The Blackening is one of the most hyped genre films of the summer. Directed by Tim Story, the film follows seven Black friends on a weekend get-a-way who end up trapped in a cabin with a killer. Starring Jay Pharoah, Antoinette Robertson, Dewayne Perkins, and other comedy all-stars, the film subverts the traditional slasher tropes and toys with the idea that Black characters die first in a horror movie.
In preparation of The Blackening, we present a list of some of our favorite Black horror comedies. Please keep in mind we picked films with Black directors/and or writers. This is why films like Ma or Vampire in Brooklyn, directed by Wes Craven and starring Eddie Murphy, are excluded. This isn’t a knock against those films, but we really wanted to highlight horror comedies made by Black creatives. Unfortunately, they’re still too few and far between.
Directed by Ernest R. Dickerson (Tales from the Hood), Bones is hella fun. Part homage to 70s Blaxploitation movies, it stars Snoop Dogg as Jimmy Bones, a gangster who runs the streets and also helps the Black community. When he’s set up and murdered by ruthless rivals, he returns years later as a supernatural force and possesses, you guessed it, a dog. Eventually, he returns in full form and unleashes some gnarly kills.
Meanwhile, era-icon Pam Grier stars as Bones’ love interest Pearl. Another narrative thread involves a group of young Black entrepreneurs who plan to open a club in Bones’ old stomping grounds. You can guess how that goes down. There are many other positives about this movie. Grier is awesome, especially as the mystic she plays in the present. The scenes among the club-starting friends contain smart, crackling dialogue. There’s also a moment where the dog spews maggots on a victim and all over the club. Oh, and let’s not forget about that on-screen kiss between Grier and Snoop.
Meet the Blacks (2016)
Directed and co-written by Deon Taylor, Meet the Blacks is a clever spoof of The Purge franchise. It stars Mike Epps as Carl Black. He decides to move his family from Chicago to Beverly Hills, thinking he’ll escape the purge by doing so. The jokes about the purge films work great, as well as some of the political and social commentary. Let’s just say white neighbors aren’t too happy about a Black family moving into their gated community. They decide to purge and invade the Blacks’ home.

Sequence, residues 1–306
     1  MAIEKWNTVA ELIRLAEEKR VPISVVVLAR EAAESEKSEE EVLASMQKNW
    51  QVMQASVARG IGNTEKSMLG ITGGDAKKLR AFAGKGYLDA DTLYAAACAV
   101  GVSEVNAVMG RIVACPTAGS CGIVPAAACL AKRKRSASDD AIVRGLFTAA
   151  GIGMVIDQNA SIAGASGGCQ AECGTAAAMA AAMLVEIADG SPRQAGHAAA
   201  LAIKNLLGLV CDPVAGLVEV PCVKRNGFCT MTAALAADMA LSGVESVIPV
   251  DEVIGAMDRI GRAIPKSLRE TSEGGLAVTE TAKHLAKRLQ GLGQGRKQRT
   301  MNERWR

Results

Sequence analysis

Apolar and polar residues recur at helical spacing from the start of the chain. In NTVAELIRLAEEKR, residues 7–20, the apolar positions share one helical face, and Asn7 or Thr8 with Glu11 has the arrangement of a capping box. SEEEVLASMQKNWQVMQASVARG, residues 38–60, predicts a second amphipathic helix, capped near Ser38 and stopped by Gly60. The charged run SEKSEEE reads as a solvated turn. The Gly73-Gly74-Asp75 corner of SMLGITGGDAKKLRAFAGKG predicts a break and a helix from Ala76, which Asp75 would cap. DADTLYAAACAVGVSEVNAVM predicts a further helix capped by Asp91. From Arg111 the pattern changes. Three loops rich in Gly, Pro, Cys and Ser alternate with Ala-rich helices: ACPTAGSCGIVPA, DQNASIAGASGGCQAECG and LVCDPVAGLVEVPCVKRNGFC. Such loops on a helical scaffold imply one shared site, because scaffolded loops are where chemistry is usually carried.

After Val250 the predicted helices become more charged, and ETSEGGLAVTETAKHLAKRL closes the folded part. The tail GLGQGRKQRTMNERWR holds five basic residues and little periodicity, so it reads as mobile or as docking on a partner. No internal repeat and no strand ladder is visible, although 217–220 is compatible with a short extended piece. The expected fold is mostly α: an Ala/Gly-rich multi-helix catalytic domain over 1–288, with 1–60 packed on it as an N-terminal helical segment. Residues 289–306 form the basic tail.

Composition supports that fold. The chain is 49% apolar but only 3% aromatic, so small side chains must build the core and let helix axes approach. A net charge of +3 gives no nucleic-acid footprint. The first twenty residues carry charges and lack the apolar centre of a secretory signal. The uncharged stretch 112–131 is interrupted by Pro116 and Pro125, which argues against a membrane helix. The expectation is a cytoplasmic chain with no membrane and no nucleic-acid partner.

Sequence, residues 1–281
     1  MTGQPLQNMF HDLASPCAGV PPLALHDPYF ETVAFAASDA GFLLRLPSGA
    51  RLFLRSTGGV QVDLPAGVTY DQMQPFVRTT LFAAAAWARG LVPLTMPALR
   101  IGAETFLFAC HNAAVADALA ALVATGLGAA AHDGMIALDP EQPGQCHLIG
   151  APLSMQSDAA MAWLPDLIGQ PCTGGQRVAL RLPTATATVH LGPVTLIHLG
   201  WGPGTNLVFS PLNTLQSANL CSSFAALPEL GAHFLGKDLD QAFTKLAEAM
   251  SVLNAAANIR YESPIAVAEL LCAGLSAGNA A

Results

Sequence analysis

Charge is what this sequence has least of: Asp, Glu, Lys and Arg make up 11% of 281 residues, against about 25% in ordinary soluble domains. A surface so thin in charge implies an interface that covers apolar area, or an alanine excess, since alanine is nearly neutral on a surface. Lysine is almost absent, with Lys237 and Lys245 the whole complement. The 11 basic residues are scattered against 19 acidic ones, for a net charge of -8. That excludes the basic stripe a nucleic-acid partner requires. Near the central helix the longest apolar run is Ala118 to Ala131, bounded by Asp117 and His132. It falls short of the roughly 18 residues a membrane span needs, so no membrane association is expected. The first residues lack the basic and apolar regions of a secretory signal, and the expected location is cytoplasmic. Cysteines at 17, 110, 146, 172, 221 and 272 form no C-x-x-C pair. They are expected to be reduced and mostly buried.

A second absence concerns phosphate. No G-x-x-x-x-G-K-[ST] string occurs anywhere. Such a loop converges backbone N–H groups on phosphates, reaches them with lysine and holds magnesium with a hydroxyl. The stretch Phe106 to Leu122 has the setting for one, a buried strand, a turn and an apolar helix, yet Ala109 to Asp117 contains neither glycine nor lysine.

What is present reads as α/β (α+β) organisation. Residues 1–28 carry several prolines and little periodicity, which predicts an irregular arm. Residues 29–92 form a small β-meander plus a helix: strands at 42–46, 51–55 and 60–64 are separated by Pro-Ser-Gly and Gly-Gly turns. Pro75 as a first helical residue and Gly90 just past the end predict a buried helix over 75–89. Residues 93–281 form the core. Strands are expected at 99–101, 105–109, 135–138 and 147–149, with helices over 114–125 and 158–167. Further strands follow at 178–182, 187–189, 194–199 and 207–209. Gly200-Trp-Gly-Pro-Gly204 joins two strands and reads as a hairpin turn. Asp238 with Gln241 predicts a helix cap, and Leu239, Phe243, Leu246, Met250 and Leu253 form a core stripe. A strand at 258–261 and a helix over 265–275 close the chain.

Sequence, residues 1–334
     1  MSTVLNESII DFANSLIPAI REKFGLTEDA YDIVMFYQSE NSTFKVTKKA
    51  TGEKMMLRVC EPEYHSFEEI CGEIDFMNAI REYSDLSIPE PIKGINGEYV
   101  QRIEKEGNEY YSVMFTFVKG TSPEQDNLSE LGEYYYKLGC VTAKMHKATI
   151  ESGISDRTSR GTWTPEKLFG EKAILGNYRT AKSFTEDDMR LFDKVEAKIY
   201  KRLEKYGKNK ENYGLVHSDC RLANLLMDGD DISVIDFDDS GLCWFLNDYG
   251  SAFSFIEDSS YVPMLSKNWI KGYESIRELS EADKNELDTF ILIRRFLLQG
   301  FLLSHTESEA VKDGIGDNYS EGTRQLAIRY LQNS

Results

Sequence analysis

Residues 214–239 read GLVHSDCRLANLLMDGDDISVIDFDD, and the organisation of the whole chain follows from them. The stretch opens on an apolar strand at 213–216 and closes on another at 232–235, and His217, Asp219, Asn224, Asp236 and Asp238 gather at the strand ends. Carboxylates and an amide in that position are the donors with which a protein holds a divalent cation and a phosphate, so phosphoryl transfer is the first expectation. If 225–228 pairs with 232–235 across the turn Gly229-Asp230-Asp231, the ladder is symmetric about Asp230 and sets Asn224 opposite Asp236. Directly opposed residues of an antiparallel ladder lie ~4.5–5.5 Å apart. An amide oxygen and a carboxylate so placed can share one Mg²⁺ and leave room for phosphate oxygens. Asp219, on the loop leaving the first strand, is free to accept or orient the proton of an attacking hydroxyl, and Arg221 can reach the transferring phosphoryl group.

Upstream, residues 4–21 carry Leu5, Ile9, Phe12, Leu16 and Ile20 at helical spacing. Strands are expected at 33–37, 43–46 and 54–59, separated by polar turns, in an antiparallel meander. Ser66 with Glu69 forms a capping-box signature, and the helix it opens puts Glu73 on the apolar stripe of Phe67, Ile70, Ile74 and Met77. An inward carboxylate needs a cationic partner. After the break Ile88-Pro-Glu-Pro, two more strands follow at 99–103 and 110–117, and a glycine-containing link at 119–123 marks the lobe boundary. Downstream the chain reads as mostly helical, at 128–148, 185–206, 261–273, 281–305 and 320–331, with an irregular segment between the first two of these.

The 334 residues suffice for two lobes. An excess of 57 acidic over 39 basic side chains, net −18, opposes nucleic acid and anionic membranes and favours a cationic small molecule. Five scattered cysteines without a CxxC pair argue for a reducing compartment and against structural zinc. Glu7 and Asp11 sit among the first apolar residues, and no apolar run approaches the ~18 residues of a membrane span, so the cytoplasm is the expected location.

However, what makes this film stand out is the cast. Epps is always great, but he’s joined by a stellar crew. Daughter Allie (Bresha Webb) is especially funny, as is Carl Jr. (Alex Henderson), who thinks he’s a vampire. Zulay Henao lands some good lines, too, as Lorena, Carl’s new partner who the kids are reluctant to call mom. All jokes aside, this film is also very much about family, specifically a Black family coming together and resisting insipid forces that try to tell them they have no place in a wealthy white neighborhood. And who can forget that absurd Mike Tyson cameo?
The House Next Door: Meet the Blacks 2 (2021)
Director/co-writer Deon Taylor returned to helm a sequel to Meet the Blacks. Maybe this isn’t a surprise, since the Black family threatens a sequel at the end of the original. As far as follow-ups go, this is pretty solid. In this one, Carl Sr. is now a best-selling author, whose book recounts the ordeal his family faced in the first film. Most of the cast from the OG returns.
In Meet the Blacks 2, Carl Sr. moves his family back to his childhood neighborhood in Chicago. Instead of a purge, the family faces off against a pimp who may or may not be a vampire. Like the first film, the sequel isn’t without some notable appearances, namely NBA star Matt Barnes. His scene is knee-slapping funny. Will we get a third Meet the Blacks film so we have a trilogy? Let’s hope so.
Scary Movie (2000)
What hasn’t been said about Scary Movie already? Directed by Keenen Ivory Wayans and co-written with his brothers Shawn and Marlon, this film spoofed all the big box office 90s slashers, specifically, Scream and I Know What You Did Last Summer. It also lampooned The Sixth Sense and The Ring.